WASHINGTON — U.S. trade policy has jumped to the front of everyone’s mind in recent years. From Brexit to TPP and NAFTA, trade policy has been in the global spotlight. The scrutiny has created a lot of uncertainty and unease. Most recently, the White House has floated the idea of imposing steel and aluminum tariff on imports bound for the U.S. The ripple effects of such a policy decision have unpredictable and unforeseeable implications, but concerns of a trade war, especially with China, are not unwarranted.
In light of the increasing uncertainty surrounding trade policy, this week’s post is a quick review of U.S. agricultural exports. Key highlights include:
1) The value of agricultural exports surged during the farm income boom. While the value of exports has declined in recent years, it remains well above levels experienced in the 1990’s and early 2000’s.
2) While most attention focuses on overall trade-levels, the magnitude varies across commodities. For example, soybeans exports are equal to nearly 50% of production. This share is considerably smaller of the other commodities reviewed in this post (corn, wheat, beef, and pork).
3) The top three buyers of U.S. agricultural exports are Canada, China, and Mexico. Collectively, they accounted for 42% of exports in 2017. Not only are these three countries significant buyers, but they are also a significant source of export growth. Since 1990, Canada, China, and Mexico have accounted for 54% of the overall growth in U.S. agricultural exports.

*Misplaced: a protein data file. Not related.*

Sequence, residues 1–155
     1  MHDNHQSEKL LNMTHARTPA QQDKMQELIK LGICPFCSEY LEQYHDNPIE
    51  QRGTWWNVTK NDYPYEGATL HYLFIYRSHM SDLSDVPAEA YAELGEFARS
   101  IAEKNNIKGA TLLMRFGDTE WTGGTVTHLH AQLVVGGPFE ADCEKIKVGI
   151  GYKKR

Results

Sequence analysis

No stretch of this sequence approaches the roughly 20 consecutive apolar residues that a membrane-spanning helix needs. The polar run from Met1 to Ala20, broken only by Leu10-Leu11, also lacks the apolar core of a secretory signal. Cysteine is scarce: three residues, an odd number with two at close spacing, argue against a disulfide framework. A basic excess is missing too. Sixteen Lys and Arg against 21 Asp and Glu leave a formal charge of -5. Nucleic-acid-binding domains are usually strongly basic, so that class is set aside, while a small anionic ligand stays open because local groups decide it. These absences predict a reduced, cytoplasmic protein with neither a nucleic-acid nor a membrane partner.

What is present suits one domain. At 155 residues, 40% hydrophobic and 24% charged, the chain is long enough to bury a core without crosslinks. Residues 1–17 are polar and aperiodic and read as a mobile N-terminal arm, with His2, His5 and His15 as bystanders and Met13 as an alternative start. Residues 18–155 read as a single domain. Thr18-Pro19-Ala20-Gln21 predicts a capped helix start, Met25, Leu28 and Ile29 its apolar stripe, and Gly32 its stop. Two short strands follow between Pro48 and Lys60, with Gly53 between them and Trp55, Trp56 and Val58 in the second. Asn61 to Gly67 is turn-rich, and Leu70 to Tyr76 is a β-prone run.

Unraveling the impacts of a trade war are not simple. Even without a full-blown trade war, the proposed tariffs could be enough to make the macro-outlook unfavorable for agriculture. With that in mind, it’s important to remember a 10% decrease in exports would have different impacts on ending stocks and stock/use ratios. Soybeans, which relies heavily on exports and has relatively low ending stocks, would face significant headwinds from a drop in exports. All in all, increasing trade – not disrupting it- would be better for the health of the U.S. agricultural economy.
In January 2017 we outlined a list of challenges producers might face in the upcoming year. The final comments that Brent and I shared for that post seem just as relevant today:
“In our opinion, the macro-economy and government policy are set up to play a much larger role in the agricultural economy in 2017 (and beyond). Many unknowns exist. While many are optimistic about the future, it’s important to note that many of the unknowns and moving pieces can play out in unpredictable ways. More directly, given the macro-economy and government policy unknowns, it is extremely difficult to understand how the impacts might affect agriculture. Furthermore, it’s extremely difficult to conclude – at this point- that these to-be-determined factors will be unequivocally positive for the U.S agriculture.”
–David A. Widmar
Agricultural Economic Insights